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The buildup to and unraveling of the protest at the 1968 Democratic National Convention and the 1969 conspiracy trial that followed.
- Independent Lens
- Premiere Date
- October 22, 2008
- 120 minutes
Brett Morgen is an award-winning filmmaker whose documentary about boxing, On the Ropes (1999), won the Directors Guild Award and was nominated for a Best Feature Documentary Academy Award. Morgen also wrote and directed a biopic about legendary Paramount producer Robert Evans, The Kid Stays in the Picture, in 2002. The film was cited as "one of the best… Show more films of the year" by more than 50 film critics. Morgen executive produced and created the Peabody award-winning series Nimrod Nation for the Sundance Channel. He also directs commercials for Anonymous Content. He has directed dozens of campaigns including spots for ESPN, Budweiser, Southwest Airlines, Kellogg’s, and Nike. Show less
At the 1968 Democratic National Convention, anti-Vietnam war protesters who were denied permits for demonstrations repeatedly clashed with the Chicago Police Department. Tensions mounted, and an already fraught week culminated in riots broadcast live to a television audience of more than 50 million, further polarizing the nation.
Seeking a scapegoat for the riots, the U.S. government held eight of the most vocal activists accountable for the violence and brought them to trial a year later. Brett Morgen's Chicago 10 presents contemporary history with a forced perspective, mixing animation with archival footage and a dramatic soundtrack. This innovative film showcases original animation (voiced by actors, including Jeffrey Wright, Hank Azaria, Mark Ruffalo, Nick Nolte, and Liev Schrieber), and explores the explosive build-up to — and the eventual unraveling of — the Chicago conspiracy trial.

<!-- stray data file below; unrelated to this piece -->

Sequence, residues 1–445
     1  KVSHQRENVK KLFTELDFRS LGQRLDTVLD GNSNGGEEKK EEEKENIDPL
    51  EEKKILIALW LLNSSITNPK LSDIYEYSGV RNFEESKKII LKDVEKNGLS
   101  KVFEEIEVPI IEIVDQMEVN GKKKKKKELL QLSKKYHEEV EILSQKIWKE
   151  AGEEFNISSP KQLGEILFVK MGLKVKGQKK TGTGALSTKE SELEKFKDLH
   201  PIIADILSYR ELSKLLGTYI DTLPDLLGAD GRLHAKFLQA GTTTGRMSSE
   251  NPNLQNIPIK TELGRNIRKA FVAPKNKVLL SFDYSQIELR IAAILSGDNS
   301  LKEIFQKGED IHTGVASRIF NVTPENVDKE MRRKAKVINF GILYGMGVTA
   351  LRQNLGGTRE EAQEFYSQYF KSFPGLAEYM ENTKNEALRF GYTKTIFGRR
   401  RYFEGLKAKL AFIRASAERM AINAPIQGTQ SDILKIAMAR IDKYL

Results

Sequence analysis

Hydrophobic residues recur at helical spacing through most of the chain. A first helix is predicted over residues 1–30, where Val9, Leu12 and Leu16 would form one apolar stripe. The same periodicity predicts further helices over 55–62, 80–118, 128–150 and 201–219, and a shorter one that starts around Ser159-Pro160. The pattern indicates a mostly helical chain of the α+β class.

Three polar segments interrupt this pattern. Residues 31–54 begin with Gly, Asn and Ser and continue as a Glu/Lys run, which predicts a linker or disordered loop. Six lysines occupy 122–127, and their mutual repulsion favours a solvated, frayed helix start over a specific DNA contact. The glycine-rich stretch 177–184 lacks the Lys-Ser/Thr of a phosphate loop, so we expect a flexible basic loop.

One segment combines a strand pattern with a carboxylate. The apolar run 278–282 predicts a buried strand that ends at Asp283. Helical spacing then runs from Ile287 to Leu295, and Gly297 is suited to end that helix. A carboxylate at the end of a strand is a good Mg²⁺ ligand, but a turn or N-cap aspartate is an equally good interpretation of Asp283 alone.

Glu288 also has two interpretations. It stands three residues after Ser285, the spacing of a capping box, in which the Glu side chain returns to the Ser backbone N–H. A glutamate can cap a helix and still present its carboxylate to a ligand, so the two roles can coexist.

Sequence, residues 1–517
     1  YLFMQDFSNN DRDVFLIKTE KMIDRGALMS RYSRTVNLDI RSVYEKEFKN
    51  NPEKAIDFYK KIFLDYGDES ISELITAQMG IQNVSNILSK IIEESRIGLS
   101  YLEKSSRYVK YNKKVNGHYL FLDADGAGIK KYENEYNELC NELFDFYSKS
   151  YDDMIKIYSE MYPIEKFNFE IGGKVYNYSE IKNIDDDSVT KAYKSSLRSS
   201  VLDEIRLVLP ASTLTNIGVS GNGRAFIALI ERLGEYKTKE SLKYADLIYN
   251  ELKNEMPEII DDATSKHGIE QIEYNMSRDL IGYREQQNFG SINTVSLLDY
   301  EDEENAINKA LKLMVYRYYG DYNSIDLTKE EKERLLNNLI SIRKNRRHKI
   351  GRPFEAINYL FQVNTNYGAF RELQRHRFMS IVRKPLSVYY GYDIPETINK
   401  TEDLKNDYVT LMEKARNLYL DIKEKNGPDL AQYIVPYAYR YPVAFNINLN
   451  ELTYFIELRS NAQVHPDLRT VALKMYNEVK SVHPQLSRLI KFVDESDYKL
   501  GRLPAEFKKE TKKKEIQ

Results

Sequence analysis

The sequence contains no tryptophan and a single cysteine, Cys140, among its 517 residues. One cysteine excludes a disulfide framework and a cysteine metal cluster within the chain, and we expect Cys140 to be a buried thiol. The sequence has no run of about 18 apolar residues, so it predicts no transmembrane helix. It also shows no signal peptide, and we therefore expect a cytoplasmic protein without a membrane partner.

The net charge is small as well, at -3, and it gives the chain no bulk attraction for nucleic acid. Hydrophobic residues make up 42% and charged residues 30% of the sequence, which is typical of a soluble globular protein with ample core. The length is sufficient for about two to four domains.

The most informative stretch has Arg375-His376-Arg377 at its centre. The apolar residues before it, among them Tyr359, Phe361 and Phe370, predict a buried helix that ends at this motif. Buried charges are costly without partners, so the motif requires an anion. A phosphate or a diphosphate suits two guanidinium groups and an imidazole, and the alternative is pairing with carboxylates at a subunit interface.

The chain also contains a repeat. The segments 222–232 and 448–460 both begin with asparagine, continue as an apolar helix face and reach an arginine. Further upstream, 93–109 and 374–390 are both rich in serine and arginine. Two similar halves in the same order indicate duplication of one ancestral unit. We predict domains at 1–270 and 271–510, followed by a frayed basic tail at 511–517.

The trial’s defendants represented a broad cross section of the anti-war movement in the late ’60s, from counterculture icons and Yippie leaders Abbie Hoffman and Jerry Rubin to renowned pacifist David Dellinger. Seven of the defendants were represented by Leonard Weinglass and famed liberal attorney William Kunstler, who went head-to-head with prosecution attorney Thomas Foran. The eighth defendant and co-chair of the Black Panther Party, Bobby Seale, insisted on defending himself; Judge Julius Hoffman responded by binding, gagging, and handcuffing him to his chair. From the start, the trial was a media circus, with the defendants on a collision course with government authority.
A parable of hope, courage, and ultimate victory, Chicago 10’s unique and unconventional style uses motion-capture animation to portray actual events from the trial, recreating courtroom dramas based on transcripts and interviews. Chicago 10 moves from the streets of Chicago to the courtroom at an accelerated pace, giving the audience a ringside seat for one of the most controversial trials of the period.